Tu’itahi ‘humbled’ to receive Health Champion Award
Congratulations to HPF’s Executive Director Sione Tu’itahi who received the 2019 Public Health Champion Award of the Public Health Association of New Zealand in Auckland on September 10.
Each year the PHANZ honours an individual’s or group’s contribution to public health action through its prestigious public health awards, Public Health Champion and Tū Rangatira mō te Ora.
The Public Health Champion Award is to recognise and highlight the outstanding contribution of an individual to public health. The recipient is someone working in public health who has focused on the PHANZ’s priorities in the past year; and/or has made a significant and ongoing contribution to public health over many years.
Mr Tu’itahi was presented with the award at a ceremony which was also attended by his family and HPF after the PHANZ’s Annual General Meeting at the Waipuna Hotel and Conference Centre.
Mr Tu’itahi thanked the PHANZ for the “prestigious award” and said he was honoured, humbled and grateful for the recognition.
He also thanked his colleagues at HPF and gave special acknowledgement to his family, adding that the award reflected the dedication and commitment of all those who supported and worked closely with him.
“This award also demonstrates the value of collaborative, ethical leadership, of those leaders who stand for justice and equity for all, who have opened doors for me and others. Were it not for them … I would not be where I am today.”
Mr Tu’itahi said HPF’s work was challenging, but achievable and rewarding because the organisation’s constitution was grounded on Te Tiriti o Waitangi.
“This means that the organisational structure of HPF, from governance to staff is fully informed by the articles, the spirit and the intent of the Treaty.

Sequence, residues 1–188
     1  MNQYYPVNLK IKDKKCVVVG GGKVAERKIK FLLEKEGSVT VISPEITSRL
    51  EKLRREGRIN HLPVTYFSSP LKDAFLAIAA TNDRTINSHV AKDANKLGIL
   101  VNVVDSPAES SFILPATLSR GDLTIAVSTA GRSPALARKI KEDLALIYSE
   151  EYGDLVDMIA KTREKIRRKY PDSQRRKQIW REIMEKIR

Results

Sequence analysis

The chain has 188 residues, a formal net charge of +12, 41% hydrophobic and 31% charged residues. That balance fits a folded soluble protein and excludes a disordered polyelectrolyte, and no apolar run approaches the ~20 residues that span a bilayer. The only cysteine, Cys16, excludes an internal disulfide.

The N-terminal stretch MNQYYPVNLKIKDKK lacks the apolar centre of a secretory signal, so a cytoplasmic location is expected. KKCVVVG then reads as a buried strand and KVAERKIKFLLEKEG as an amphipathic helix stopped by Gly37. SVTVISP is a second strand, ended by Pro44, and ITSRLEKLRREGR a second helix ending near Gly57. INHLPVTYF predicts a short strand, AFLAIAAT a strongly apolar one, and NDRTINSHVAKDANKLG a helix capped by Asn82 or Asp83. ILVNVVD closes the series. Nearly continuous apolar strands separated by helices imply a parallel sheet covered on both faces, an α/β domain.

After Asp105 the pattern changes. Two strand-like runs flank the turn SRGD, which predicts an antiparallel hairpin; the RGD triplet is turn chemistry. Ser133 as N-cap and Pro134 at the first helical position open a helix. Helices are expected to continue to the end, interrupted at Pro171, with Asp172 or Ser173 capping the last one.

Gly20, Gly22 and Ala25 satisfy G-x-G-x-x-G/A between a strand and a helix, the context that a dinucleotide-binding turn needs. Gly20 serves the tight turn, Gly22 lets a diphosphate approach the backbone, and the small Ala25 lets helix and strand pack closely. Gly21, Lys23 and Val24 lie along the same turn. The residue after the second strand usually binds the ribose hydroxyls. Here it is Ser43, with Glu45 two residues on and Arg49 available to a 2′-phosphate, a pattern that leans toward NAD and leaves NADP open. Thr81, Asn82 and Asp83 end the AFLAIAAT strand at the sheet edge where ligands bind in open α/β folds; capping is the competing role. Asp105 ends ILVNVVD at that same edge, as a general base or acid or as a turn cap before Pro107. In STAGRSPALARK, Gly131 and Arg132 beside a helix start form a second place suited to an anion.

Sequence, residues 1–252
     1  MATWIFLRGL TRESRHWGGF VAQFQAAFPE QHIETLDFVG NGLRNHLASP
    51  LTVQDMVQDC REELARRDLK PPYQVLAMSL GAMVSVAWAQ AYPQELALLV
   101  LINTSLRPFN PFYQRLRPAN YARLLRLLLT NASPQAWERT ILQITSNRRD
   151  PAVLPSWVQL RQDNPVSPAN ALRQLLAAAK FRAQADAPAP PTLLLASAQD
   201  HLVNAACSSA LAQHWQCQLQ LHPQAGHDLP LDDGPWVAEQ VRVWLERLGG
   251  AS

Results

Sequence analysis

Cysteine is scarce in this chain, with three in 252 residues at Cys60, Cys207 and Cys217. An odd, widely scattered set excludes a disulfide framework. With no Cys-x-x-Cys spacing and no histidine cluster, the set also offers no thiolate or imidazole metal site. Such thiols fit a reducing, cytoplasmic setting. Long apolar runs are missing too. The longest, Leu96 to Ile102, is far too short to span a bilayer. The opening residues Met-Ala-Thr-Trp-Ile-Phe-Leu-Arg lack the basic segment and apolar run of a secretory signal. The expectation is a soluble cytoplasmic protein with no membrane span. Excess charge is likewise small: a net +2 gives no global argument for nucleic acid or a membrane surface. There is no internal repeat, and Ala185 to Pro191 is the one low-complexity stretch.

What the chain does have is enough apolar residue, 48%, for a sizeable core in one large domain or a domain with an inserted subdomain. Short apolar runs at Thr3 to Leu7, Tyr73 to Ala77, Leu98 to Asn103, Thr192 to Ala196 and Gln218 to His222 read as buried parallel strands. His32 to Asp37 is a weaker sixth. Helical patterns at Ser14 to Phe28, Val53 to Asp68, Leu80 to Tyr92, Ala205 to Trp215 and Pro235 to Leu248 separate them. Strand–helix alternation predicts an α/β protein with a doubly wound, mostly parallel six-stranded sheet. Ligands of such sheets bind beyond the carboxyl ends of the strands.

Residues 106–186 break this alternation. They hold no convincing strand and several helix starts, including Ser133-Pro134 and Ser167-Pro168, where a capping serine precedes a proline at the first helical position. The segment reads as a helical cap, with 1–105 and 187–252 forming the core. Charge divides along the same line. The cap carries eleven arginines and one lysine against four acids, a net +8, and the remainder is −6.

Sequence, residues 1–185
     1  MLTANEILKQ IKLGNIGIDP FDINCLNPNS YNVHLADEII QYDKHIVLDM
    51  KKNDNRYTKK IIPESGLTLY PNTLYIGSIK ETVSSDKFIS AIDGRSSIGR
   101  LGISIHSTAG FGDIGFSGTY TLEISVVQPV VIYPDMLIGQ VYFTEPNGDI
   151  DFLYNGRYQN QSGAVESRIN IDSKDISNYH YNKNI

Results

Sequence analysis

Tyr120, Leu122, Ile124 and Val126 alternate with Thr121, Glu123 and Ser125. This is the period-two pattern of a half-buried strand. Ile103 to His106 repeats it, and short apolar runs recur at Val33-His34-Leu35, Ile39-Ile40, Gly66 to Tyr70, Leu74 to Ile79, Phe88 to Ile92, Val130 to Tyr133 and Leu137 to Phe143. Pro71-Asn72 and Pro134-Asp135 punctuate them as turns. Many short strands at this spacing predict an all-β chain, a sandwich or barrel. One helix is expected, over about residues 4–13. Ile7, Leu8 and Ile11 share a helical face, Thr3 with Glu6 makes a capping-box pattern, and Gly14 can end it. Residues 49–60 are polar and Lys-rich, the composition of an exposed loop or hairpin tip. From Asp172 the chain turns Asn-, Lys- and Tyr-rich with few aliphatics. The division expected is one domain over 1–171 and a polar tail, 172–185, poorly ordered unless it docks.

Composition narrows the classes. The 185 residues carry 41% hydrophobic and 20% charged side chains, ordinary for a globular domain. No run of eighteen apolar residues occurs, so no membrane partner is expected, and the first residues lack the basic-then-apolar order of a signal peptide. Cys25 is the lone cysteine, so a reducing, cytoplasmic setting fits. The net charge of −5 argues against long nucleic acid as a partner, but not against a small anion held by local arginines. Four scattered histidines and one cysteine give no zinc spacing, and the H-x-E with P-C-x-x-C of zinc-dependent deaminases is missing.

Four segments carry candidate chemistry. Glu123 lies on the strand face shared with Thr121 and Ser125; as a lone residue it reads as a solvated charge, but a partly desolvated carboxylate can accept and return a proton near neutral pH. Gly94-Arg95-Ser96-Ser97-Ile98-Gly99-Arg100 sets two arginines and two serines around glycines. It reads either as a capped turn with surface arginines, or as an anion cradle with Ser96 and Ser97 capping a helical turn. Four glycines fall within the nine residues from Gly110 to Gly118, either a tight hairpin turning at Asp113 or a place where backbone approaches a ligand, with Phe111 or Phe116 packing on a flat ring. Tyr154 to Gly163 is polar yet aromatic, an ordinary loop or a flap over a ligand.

“We were able to negotiate and hold the world conference here in New Zealand last April as equal partners with the International Union for Health Promotion and Education (IUHPE), and include Te Reo Maori as an official language, and have two legacy statements one of which was the Indigenous Statement.”
He said because of the Treaty, HPF was able to work towards the establishment of a national accreditation framework for health promotion which has a specific New Zealand component, under the global accreditation framework of the IUHPE.
“IUHPE not only commended this work but also asked that we share this model with the rest of the global health promotion community, especially those countries with Indigenous peoples.”
He stressed the urgent need for strong governance and good leadership in the health sector.
“Today in New Zealand and the world, we have the knowledge and resources; what is needed is courageous, collaborative leadership for all…”
Mr Tu’itahi stressed that values and principles were central to leadership, especially at the individual level.
He said his own professional and personal journey was guided by three knowledge systems: his western education, indigenous knowledge and his spiritual education, mainly through his Baha’i faith, which values serving not only your country but also all of humanity.
“The world is but one country, and mankind its citizens.” Meanwhile the Tū Rangatira mō te Ora Award went to a team atHapai Te Hauora for its work on National SUDI Prevention Programme (NSPP).
The Māori Public Health Tū Rangatira mō te Ora Award is presented annually in recognition, of a person or rōpu who continually demonstrates commitment and leadership in hauora Māori and who has worked with Māori communities. This can also include those who have taken more prominent roles within whānau, hapū and/or iwi, including within marae.